Though with 0.3.0 recently most of them won’t suffer for at least another month or two even with complete inactivity, our Facebook feed is dead mostly because we have no one to oversee it. At the moment ~sciocont and @WJacobC are the only two with access to it, and while both of them contributed greatly to it in the past, nowadays neither are around regularly enough for our needs (not blaming them or anything, we just need to work out a solution). @stealthstylel is apparently still interested in moderating it, and we have everything set up for that providing @WJacobC returns again (I should be able to find him again for that to happen). We should post the most recent Devblog there ASAP (it’s already nearly three weeks late), along with being a bit more active there in general. Over 1600 people follow us there, and quite a significant portion nowhere else, so to neglect it would in my opinion be a mistake.
As for what to post there, maybe just intermediate small updates whenever something happens in development? If there’s a particularly active forum topic, or a new feature added to the codebase, it could be publicised real-time rather than waiting until the month or whatever is over and another Devblog is released. Plus, there are still people who ask a ton of questions on the Facebook page, and hardly ever do they get answered. Whether they’re relevant questions or not, ignoring them makes us look either apathetic or inactive.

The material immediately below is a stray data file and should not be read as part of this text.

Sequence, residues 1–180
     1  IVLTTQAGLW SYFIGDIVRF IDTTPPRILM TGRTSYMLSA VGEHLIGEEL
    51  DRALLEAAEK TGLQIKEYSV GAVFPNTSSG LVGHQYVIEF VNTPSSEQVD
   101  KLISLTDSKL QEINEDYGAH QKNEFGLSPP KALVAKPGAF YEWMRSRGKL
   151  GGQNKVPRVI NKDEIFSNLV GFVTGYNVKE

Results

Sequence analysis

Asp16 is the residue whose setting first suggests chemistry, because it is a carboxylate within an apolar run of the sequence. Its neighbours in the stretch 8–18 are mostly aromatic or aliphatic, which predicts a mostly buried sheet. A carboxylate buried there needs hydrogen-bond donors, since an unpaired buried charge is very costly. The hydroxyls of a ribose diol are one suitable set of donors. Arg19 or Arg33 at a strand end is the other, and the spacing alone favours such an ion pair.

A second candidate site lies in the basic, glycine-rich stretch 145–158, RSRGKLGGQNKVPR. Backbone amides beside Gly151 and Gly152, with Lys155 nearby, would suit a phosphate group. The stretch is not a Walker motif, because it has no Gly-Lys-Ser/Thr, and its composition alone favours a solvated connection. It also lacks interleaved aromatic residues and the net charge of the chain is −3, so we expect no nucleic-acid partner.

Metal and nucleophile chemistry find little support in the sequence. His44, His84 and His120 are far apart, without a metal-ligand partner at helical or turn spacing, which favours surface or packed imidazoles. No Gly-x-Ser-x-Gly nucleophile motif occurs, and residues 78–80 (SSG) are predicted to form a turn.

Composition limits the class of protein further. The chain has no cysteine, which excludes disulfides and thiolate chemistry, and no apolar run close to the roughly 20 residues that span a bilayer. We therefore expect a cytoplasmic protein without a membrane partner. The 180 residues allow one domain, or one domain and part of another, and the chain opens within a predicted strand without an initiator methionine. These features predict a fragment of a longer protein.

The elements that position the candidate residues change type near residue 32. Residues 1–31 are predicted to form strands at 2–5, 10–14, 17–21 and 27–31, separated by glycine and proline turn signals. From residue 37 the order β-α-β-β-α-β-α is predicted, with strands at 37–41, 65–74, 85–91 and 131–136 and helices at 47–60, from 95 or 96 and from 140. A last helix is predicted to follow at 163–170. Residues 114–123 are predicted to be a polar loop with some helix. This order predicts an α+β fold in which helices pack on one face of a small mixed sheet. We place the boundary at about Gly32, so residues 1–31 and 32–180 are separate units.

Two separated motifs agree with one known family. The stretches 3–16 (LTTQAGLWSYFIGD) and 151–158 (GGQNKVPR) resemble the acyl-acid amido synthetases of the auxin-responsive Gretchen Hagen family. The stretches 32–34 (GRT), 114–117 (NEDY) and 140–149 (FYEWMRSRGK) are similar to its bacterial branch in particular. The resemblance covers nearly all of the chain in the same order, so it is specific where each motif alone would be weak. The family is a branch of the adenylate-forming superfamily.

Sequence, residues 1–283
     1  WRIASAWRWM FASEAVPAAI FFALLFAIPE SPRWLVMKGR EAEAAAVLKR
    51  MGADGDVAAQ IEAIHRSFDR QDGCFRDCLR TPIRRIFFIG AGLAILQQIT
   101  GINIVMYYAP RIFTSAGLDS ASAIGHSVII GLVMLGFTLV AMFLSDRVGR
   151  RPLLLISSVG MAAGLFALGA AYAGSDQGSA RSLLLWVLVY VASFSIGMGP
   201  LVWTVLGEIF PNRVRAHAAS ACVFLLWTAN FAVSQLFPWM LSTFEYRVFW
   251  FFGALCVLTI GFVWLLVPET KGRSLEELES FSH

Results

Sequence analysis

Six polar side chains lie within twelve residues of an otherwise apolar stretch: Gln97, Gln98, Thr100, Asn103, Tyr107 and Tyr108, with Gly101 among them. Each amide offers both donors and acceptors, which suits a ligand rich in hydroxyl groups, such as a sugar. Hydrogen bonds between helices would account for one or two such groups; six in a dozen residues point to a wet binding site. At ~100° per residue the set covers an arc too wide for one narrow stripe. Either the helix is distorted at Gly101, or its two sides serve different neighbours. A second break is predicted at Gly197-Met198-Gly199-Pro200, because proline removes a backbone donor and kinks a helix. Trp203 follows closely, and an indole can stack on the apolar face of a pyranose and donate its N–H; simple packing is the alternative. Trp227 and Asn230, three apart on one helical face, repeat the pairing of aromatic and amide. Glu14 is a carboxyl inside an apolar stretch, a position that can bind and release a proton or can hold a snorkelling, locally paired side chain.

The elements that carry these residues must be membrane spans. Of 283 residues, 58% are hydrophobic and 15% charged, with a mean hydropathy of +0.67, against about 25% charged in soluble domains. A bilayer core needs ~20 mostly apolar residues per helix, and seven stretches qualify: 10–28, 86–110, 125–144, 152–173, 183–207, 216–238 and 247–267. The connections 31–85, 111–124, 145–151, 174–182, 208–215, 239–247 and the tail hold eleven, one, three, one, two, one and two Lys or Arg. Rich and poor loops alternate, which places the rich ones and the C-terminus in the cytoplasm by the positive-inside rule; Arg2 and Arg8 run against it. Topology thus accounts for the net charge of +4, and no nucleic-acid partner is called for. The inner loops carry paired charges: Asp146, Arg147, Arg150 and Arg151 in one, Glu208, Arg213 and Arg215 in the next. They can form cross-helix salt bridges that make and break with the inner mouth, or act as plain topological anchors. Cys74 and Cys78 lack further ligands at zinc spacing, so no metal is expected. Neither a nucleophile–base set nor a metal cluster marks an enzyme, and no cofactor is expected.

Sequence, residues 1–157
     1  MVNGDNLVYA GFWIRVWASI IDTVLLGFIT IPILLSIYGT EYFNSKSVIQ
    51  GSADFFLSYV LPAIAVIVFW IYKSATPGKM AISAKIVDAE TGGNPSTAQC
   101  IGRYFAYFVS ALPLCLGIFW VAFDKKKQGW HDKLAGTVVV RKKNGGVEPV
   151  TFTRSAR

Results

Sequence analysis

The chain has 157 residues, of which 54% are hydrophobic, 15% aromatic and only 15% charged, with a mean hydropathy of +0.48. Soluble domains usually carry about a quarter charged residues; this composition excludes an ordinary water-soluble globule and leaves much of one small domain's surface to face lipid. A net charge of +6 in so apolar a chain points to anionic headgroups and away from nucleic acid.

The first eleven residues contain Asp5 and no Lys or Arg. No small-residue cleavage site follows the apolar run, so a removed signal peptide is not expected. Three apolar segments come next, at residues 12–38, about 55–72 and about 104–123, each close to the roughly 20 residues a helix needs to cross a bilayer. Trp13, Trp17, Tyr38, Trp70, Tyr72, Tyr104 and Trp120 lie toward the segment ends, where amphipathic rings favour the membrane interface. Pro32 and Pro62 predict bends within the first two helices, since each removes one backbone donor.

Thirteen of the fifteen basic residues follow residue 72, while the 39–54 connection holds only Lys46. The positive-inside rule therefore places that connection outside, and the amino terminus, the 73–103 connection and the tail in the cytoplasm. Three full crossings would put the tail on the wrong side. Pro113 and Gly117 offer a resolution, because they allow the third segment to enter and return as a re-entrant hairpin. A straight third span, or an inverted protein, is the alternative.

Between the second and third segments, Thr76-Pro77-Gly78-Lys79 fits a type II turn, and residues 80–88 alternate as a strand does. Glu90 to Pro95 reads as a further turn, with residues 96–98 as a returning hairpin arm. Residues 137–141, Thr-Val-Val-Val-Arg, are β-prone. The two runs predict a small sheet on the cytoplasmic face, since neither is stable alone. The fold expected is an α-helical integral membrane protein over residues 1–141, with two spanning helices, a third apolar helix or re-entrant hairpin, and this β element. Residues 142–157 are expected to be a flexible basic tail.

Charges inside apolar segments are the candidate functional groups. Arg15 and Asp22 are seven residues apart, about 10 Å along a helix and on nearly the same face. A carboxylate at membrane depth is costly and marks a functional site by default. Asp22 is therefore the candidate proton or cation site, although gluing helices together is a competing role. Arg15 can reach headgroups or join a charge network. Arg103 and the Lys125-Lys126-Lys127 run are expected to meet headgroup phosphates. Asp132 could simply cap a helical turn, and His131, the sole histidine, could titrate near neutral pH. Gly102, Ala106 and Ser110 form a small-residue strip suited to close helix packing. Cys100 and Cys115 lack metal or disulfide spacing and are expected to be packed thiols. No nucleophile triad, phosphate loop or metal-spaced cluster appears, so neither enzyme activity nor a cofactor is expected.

The next thing to address has been on my mind a while. I’m tentative to post it because it feels too bossy (but this post is basically just telling everyone what to do anyway so I apologise for all of it).
It actually hasn’t been too bad recently, but I’m still concerned about how we’re using this forum vs how we’re using Slack. A lot of the GUI discussion, for instance, had to be copied over from a Slack convo, and on occasion we still slip into using it for long detailed posts when really it isn’t the best suited, just for the sake of convenience. Don’t get me wrong, I like Slack and I think it’s good that we’re using it, but we have been a bit over-reliant on it while neglecting public discussion.
For an open-source team, it’s vital that we present ourselves as inviting to newcomers. Hence why I’m including this rant with the marketing one. If someone comes along and sees the dev forum inactive, even if we’re all busy talking in private, it won’t be very encouraging. Programming especially has (until recently) been non-existent on these forums, and I understand why. It’s useful to talk to new programmers in real-time to fix problems with compiling, etc. so naturally all programming discussion has tended towards there, even if the same problem’s had to be solved multiple times when the first discussion has been lost.
Slack conversations also get lost. We went over our 10,000 message limit ages ago, so everything we’ve talked about in the past is vulnerable to deletion. And even if it’s still around, who’s going to go trawling through 10,000 messages to find it?
There are some things we have to do in private, of course. Review applications is the obvious one, and we’ve also had highly-speculative conversations on accepting donations recently which wouldn’t work so well if we knew everyone could see what we were saying. That’s why Slack is useful.
I find it difficult talking about this because it feels like I’m telling people to completely change the way they go about things without taking their opinions, so I won’t suggest anything concrete without some discussion below. I’ll just make my position clear that I think we should be moving as many in-depth conversations as possible to here. As a rule of thumb, unless it’s something which needs to be privately discussed, if you need to create a wall of text to get your point across it might be better putting it here.
On that note, apologies for the wall of text and talking about three things simultaneously. That wasn’t my intention, that’s just the way it ended up.